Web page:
Haiti is the poorest country in the Western Hemisphere and is ranked 158th of 190 countries on the Human Development Index.
On 12 January 2010, an earthquake hit the capital and surroundings areas in Haiti. An estimated three million people were affected by the quake the Haitian Government reported that an estimated 230,000 people had died, 300,000 had been injured and 1,000,000 made homeless. The earthquake caused major damage to Port-au-Prince, Jacmel and other settlements in the region.
Deficient sanitation systems, poor nutrition, and inadequate health services have pushed Haiti to the bottom of the World Bank’s rankings of health indicators. According to the United Nations World Food Program, 80 percent of Haiti’s population lives below the poverty line. Consequently, malnutrition is a significant problem. Half the population can be categorized as food insecure, and half of all Haitian children are undersized as a result of malnutrition. Less than half the population has access to clean drinking water, a rate that compares poorly even with other less-developed nations. Haiti’s healthy life expectancy at birth is only 44 years. The World Health Organization (WHO) estimates that only 43 percent of the target population receives the recommended immunizations.
In terms of health care spending, Haiti ranks last in the western hemisphere. Economic instability has limited any growth in this area. Per capita, Haiti spends about US$83 annually on health care. There are 25 physicians and 11 nurses per 100,000 populations. Only one-fourth of births are attended by a skilled health professional. Most rural areas have no access to health care, making residents susceptible to otherwise treatable diseases.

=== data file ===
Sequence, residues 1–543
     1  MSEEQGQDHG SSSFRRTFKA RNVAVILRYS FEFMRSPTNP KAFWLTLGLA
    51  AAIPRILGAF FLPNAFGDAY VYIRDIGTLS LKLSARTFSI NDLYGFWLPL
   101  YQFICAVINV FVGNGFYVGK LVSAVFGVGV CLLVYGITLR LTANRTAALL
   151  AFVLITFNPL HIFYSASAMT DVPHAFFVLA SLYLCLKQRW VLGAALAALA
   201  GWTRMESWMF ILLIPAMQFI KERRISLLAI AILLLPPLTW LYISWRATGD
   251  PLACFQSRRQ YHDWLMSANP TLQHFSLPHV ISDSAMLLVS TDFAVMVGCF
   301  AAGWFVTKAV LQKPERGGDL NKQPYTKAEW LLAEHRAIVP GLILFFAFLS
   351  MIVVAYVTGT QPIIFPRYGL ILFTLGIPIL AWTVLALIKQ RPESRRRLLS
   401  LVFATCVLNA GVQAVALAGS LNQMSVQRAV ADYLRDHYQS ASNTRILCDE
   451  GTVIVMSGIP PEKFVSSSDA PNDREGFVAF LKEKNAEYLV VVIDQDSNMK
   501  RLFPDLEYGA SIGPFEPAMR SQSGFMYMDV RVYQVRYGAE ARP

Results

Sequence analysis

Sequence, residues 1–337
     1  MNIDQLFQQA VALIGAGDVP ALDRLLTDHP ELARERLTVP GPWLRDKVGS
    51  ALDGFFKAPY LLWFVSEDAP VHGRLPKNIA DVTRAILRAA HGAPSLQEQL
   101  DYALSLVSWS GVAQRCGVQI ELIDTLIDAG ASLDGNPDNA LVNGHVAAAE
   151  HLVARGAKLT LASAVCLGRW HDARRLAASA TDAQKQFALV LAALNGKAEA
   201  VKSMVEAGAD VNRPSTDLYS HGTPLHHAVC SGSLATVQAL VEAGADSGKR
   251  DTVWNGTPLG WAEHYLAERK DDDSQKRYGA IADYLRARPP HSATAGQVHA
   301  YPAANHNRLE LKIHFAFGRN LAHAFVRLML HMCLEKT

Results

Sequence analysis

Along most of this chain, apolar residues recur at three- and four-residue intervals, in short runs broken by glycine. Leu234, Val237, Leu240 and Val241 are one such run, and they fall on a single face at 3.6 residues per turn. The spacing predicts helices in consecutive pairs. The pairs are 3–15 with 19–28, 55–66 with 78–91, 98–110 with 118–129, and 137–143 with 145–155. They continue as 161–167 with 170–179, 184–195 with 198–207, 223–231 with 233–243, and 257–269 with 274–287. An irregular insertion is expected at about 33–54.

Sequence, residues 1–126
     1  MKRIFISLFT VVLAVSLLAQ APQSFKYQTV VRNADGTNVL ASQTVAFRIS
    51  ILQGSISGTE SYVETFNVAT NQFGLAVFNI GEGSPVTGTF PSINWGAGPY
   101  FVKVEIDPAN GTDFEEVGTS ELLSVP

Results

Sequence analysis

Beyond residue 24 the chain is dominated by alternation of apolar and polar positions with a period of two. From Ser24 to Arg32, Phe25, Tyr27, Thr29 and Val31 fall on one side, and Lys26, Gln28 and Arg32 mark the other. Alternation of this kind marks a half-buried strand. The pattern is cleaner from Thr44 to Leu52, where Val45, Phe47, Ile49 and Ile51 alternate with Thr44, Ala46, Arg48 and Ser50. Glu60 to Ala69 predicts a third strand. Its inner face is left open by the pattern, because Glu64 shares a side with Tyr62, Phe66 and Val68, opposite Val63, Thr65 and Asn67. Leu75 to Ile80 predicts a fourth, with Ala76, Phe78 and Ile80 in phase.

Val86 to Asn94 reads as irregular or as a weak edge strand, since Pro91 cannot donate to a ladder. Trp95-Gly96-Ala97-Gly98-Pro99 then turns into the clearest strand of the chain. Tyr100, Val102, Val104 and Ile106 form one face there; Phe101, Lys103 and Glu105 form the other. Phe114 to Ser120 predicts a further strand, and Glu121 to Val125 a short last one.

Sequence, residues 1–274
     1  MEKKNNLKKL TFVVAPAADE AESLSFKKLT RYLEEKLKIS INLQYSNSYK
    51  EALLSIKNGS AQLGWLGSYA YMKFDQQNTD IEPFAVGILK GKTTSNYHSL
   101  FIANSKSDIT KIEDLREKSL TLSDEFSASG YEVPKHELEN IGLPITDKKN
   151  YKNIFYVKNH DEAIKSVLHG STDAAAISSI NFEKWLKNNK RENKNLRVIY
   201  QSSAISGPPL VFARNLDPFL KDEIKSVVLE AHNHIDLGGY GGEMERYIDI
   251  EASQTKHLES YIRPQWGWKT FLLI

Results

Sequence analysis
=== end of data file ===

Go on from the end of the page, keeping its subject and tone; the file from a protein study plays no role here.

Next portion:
The health system has been in a desolate condition prior the earthquake and now it is even worse. The health facilities are in very bad condition, having outdated, non-functional or no adequate equipment at all and presently only 60% of the population have access to health services.
Maternity Hospital Carrefour is Located at 382, Route de Carrefour. In a population of more than 400,000 people this is the only Public Maternity Hospital where more than 600 deliveries are conducted each month. The hospital has 36 beds. There is no Ambulance service and the Neonatal Unit is working without doctor and few untrained Nurses. The facility provides obstetric and gynecological health services including respective surgery. An OT is available. Doctors are not available during night, weekend & Holidays.
This hospital needs great support especially if Neonatal Unit is not supported the outcome for the 6oo deliveries will be at great risk and Neonatal Mortality rate will shoot high.
International Maternal & Child Health Foundation Canada have a three years plan during which a sustainable project to be implemented to improve the services of the Hospital by capacity building, training the staffs in Resuscitation and Newborn care. This target will be achieved with the help of Hospital Staffs, Community Volunteers, Donors, Partners & other humanitarian Organizations.
IMCHF Canada at Maternity Hospital Carrefour, Haiti.